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9 Mistakes Diesel Pusher Owners May Make

Diesel Pusher

Diesel Pushers are a whole different breed when compared to their gasoline powered cousins.  Not in cost as some top of the line gas coaches can be higher in cost than an entry level DP.  But, when it comes to complexity and things that are similar and can be related to that of an automobile, it becomes clear, the DP is a totally different animal.

But, by reading their vehicle manuals and their years of general automotive mechanical knowledge, the diesel RV owners manage quite well. However, there are operational mistakes that many make.  Most of these we were probably unaware of and are not found in the operator’s manual.  So let’s take a look at some.  See if you were aware of all or some.

Air fully Up Prior To Moving:  Failure to fully enable your air suspension to ride height prior to moving your coach may result in front fender body damage.  If the air suspension is not fully inflated the turning wheel cut may cause the front tires to come in contact with the fender flares.  This can grind off, or rip, a portion of the fenders if the steering is turned at a fair angle.  Additionally, driveline universals joints can be damaged if high torque is applied due to an acute angle between transmission output and the differential.

Applying Hard Service Air Brakes While The Parking Brake Is Enabled:  Applying the brake pedal hard while the park brake is on, an air brake equipped vehicle has the potential to cause mechanical damage. This damage can be done to the brake cams, push rods, and related components.  Fortunately, for many years now, anti-compounding valves have been standard on all domestic air braked vehicles that prevents this issue.  However, it is a common practice to avoid such action to safeguard an issue should the valve fail.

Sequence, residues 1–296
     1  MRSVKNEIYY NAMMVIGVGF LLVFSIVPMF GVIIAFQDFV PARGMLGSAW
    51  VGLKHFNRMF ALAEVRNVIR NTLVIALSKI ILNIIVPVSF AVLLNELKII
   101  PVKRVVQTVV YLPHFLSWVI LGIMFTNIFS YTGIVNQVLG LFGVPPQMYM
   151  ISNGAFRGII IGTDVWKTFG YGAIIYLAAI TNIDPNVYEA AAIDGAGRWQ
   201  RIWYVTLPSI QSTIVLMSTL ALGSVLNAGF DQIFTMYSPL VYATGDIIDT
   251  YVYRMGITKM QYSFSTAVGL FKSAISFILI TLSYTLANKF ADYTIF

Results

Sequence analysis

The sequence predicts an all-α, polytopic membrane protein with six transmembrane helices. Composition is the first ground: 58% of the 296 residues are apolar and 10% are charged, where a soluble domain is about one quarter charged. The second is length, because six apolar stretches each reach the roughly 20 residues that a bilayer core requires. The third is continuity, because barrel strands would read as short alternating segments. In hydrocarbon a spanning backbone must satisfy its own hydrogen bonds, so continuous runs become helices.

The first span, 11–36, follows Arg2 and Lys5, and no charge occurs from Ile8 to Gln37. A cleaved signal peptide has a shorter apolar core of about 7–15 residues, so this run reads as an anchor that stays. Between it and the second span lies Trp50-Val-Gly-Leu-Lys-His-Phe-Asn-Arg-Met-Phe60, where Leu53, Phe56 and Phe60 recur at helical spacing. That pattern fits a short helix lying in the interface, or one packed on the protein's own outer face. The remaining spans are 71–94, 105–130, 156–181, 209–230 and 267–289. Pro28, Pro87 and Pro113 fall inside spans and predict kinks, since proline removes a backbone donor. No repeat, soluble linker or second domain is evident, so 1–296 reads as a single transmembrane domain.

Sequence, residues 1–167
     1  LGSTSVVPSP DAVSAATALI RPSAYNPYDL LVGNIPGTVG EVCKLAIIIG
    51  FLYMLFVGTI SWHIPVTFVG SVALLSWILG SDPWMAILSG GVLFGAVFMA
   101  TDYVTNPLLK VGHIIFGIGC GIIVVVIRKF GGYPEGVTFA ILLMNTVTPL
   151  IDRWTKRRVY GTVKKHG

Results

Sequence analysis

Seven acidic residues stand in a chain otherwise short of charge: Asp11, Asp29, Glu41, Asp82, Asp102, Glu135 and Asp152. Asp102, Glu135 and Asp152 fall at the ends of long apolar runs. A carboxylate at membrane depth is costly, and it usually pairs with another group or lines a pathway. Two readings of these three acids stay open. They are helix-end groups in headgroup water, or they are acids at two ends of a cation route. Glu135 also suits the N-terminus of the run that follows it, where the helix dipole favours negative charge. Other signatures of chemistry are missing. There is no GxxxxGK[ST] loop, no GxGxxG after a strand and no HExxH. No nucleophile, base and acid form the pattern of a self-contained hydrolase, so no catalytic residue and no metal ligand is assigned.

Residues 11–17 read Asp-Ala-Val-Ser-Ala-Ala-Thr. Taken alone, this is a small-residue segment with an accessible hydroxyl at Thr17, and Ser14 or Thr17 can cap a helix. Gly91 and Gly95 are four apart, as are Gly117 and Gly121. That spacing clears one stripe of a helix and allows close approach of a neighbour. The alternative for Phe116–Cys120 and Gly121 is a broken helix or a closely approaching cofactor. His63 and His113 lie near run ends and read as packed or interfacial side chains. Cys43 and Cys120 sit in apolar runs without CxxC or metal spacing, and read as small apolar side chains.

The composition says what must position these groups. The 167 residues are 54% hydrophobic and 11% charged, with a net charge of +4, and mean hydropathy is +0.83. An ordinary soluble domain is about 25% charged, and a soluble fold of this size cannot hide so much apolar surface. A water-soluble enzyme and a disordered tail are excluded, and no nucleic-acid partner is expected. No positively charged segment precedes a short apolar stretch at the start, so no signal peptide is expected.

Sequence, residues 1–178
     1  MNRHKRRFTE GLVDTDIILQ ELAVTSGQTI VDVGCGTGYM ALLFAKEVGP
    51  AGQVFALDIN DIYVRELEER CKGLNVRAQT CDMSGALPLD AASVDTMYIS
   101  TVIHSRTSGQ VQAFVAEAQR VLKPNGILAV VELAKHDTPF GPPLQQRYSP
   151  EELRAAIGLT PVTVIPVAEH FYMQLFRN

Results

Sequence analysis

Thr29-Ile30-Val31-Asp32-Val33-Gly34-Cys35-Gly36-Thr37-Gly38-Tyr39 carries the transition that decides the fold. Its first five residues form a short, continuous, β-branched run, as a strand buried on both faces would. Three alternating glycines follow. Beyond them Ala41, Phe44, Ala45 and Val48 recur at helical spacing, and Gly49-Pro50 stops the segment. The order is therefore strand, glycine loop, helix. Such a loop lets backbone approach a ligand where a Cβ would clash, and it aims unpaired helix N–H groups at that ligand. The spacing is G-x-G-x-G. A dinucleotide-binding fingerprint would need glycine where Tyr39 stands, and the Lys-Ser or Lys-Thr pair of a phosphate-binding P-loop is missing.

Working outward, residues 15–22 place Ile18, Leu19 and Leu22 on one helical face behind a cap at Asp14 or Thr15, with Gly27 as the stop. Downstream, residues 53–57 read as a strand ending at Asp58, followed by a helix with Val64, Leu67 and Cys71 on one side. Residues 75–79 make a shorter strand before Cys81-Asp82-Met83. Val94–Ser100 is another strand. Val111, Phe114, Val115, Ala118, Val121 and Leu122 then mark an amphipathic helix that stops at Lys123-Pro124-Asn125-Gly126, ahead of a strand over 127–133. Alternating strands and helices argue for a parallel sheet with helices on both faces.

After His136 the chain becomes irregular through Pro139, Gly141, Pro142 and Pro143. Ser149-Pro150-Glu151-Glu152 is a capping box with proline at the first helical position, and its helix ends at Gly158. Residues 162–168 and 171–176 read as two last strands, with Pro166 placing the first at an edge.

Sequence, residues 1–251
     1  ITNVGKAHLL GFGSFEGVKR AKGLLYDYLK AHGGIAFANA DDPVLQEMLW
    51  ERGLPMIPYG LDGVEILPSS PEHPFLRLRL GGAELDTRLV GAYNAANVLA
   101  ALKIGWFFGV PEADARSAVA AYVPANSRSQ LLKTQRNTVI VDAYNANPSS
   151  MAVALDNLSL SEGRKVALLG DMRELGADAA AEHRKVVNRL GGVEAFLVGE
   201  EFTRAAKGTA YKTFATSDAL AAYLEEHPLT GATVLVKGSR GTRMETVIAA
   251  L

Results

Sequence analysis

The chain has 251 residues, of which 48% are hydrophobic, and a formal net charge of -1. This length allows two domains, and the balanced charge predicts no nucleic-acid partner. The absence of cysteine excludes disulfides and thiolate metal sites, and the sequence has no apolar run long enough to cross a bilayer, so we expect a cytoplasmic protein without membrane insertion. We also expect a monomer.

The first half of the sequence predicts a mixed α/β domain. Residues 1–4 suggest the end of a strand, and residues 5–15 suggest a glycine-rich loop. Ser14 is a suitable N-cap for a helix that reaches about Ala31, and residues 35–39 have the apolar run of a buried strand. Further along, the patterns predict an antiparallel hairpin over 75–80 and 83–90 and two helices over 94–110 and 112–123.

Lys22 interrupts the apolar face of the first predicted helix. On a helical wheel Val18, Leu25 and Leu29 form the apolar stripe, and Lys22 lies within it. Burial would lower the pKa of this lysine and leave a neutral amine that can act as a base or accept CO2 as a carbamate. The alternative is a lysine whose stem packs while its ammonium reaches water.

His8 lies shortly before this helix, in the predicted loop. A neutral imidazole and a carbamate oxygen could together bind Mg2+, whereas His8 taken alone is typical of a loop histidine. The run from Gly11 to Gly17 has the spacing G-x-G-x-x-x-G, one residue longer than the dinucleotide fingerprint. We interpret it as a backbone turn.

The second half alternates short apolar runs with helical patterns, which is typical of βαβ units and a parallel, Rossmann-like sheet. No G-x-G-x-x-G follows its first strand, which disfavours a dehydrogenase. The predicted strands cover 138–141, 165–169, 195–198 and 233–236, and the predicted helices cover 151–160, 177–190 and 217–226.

Adding or Filling A Diesel Engine Coolant With Auto Glycol:  You may think anti-freezes are all the same.  This is certainly not true for most diesels.  These require a glycol that has special additive packages present.  Failure to use the correct type may cause cylinder sleeves to pit and eventually suffer wall failure.

Cool The Engine For Several Minutes Prior To Shutdown: A diesel engine, and particularly the turbo charger, needs to cool evenly briefly before being shut off.   Idling at an increased RPM (1100/1200 RPM) is most affective.

Shutdown From A Dead Slow Idle:  Allow the engine to settle into a low idle before shutting it down.  Cutting the fuel off above idle can damage the turbo charger turbines due to lack of oil supply.

Do Not Use Starter Fluid or Any Accelerant in or Near the Engine.  Heated intake grids or glow plugs can cause a fire.  This may also cause catastrophic engine failure.

Storing The RV With Diesel Fuel Containing B20 (20%) Biodiesel. While North American RV Diesels will operate fine on B20 fuel, storage is a different matter.  It is recommended that the storage be no longer than 3 months if the fuel tank is full of biodiesel B20.  Not real practical for many folks.

Change The Fuel Filter(s) At or Before Schedule:  Plugged up diesel fuel filters, unlike a gas engine, can go from running well to near full stop at an instant.

Check Allison Transmission Fluid Level Electronically:  The Allison transmissions should be checked via the electronic keypad if so equipped, not the dipstick.  This is done with the transmission at normal operating temperature with the engine off and ignition on.  Depressing both the forward and reverse shift arrows at the same time.  The shift readout window will display the status of fluid level.  This method, if available, is far more accurate than using the dipstick.

And while we’re talking about the longevity of your diesel pusher, the conversation wouldn’t be complete without a nod to the importance of safety nets when it comes to an investment of this caliber. Yes, avoid the above-mentioned mistakes. But consider protections like an Extended Service Plan from Good Sam which protects you from paying for the larger major mechanical repairs in a diesel pusher’s tenure. Simple.

Well, these are just some of the things that many diesel pusher owners may not know. Life in the RV world is a journey not to be missed. Safe travels.

Peter Mercer – With Tips for DP Owners

The post 9 Mistakes Diesel Pusher Owners May Make appeared first on Good Sam Camping Blog.


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